The one crappy gotcha with the Aeroscope is the single-channel aspect; it’s not enough to buy two of these to emulate a two-channel scope, unless there’s some way to synchronize them. It’s not as bad as it sounds, since about half the time I’m using two channels it’s just to get a differential measurement where neither side is grounded; a battery-powered wireless probe has no true ground, so in these cases you can just clip the “ground” to one side and the probe to the other. But the other half, I actually need to look at two different signals side-by-side, or to trigger off one signal while watching the other, and this just won’t cut it.

    I could also whine about the +/- 40V maximum input rating (so no poking at line voltage, unless you make a 10:1 probe) and 100mv/div minimum resolution, but really, I rarely do anything where those would be an issue.

    It’s tempting, but I’ll wait and hope version 2.0 has either 2 channels (halving the sampling rate; TANSTAAFL) or better yet a sync connection allowing you to chain multiple Aeroscopes together, and have them all trigger and sample in lockstep, at full rate.

  8. I’ve got an idea, plain old scope probes that are wireless. Works with any oscilloscope. It would have to be a high bandwidth radio to encode a fast digital signal. ADC->DAC type thing. Something that operates on RC channels maybe. Each probe set would have rotary switches to select the channel. Then you get into the problem of power. But not really if the distance is limited. Hmmm…..

    1. Let me plug my dormant fiber-optic isolated oscilloscope probe project. https://hackaday.io/project/12231-fiber-optic-isolated-voltage-probe (not wireless, but VERY isolated with differential inputs.)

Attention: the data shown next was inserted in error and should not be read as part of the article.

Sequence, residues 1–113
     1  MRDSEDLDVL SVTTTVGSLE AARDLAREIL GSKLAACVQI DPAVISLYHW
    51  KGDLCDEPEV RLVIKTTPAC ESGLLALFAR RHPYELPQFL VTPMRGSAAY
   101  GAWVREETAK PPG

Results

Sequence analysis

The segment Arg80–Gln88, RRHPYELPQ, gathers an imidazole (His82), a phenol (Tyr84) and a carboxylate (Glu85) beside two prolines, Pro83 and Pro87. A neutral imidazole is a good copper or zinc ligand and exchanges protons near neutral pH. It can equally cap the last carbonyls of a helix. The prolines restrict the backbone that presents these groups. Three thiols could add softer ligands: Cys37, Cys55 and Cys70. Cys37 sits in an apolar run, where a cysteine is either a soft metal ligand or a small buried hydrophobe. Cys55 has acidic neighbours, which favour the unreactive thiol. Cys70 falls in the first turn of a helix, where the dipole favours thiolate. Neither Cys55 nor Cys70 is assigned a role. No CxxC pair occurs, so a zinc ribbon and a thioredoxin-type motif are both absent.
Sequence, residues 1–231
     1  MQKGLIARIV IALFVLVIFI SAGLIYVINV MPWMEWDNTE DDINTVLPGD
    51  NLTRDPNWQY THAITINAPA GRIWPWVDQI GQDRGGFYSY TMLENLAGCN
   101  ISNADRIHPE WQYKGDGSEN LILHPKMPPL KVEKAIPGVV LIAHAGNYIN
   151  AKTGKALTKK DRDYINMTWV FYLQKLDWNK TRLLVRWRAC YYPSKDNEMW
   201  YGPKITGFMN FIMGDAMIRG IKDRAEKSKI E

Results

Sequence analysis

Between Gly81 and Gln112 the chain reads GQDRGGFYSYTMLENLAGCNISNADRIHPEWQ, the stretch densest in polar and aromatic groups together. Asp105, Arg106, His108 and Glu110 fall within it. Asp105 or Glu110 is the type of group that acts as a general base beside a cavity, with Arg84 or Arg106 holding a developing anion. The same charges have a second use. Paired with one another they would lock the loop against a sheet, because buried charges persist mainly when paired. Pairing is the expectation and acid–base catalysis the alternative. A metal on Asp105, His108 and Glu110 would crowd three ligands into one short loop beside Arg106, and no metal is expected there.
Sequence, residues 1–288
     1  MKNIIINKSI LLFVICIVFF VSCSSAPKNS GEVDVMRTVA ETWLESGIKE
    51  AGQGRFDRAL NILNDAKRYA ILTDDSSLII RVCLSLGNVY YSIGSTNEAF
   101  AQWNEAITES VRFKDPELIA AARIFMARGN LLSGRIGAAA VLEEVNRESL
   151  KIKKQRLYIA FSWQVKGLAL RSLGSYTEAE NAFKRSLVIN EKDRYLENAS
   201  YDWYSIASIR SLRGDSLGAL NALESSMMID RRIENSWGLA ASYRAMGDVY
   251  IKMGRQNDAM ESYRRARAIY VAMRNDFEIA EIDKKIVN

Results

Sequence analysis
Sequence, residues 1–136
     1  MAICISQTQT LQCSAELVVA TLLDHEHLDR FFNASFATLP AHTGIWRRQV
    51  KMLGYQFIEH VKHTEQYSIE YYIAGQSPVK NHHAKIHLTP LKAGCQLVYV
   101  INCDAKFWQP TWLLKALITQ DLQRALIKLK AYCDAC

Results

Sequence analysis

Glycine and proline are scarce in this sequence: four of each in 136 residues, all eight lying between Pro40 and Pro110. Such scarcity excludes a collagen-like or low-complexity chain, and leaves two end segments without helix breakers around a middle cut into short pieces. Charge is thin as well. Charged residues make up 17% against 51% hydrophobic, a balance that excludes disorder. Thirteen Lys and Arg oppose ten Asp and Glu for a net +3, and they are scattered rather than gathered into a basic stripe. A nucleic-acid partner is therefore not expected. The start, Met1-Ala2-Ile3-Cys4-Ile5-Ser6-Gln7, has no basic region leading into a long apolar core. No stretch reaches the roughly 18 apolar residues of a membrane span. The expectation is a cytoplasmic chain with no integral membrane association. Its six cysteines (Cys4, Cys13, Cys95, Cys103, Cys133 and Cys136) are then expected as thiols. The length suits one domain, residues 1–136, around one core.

I bet a direct analog coupling could be done on the 2.4GHz or 5GHz ISM bands. keeping a constant probe gain and offset would be a challenge. Analog video has ~6MHz bandwidth. Might be able to make something useful out of a FPV video transmitter?

  9. This scope looks entirely useful. Hasn’t an almost identical product been launched before? (or is this a 2.0 launch?)

    Fairly dissapointed at the 1Mohm/17pf input loading. While this will allow the use of standard 10x probes with a BNC adapter, they should be able to do FAR better because the input amplifier is just 10-20mm from the probe tip. Something like 1Gohm/4pf input loading should be feasible with a switch for 1Mohm/17pf when using a standard 10x probe.

  10. There’s the DSO203, which can sample 1 channel at 144m samples/sec, or two at 72m. It’s small, portable, battery operated, has it’s own screen, a built in function generator and is considerably cheaper (Seeed are currently listing it at $139).

    1. DSO203 and it’s cousins are good devices, they have terrible analog bandwidth though. (DSO203 looks like 8MHz, which isn’t hopelessly terrible, but the DSO nano is only 200kHz!)

  11. Same problem here as with the dso nano. Only one channel and it has the spec’s of a toy.
    That wouldn’t be too bad if it also had the price of a toy, especially because a toy like this can be quite usable.
    Main market for a toy like this is for hobbyists on a low budget or who don’t know which spec’s they’d need from a more mature product.
    USD200 is however far to much for a toy.

    Something like the Xprotolab or the labrador are also toys, but because of their toy prices they deliver quite decent performance for their price.

    Wireless (option) is a bonus.
    Fortunately the manufactories of USB scopes are slowly beginning to understand this and they are beginning to add WiFi to their instruments. So if they also support my Linux box I might be tempted to buy one someday but untill that time I’l just stick to my Rigol scope.

  12. I and a few other members of my group had this idea while working at Tektronix… in 2006 or 2007. We presented it at an innovation conference thing that they had going on.

    I’ll never forget the laughs we got. It never went anywhere. I got laid off in 2009.

  13. More like wireless data acquisition.

    Otherwise it’s like those Bluetooth-enabled tape measures that have no display, so they *need* an Android phone for a display (but you *can* share you measuring info on Facebook!).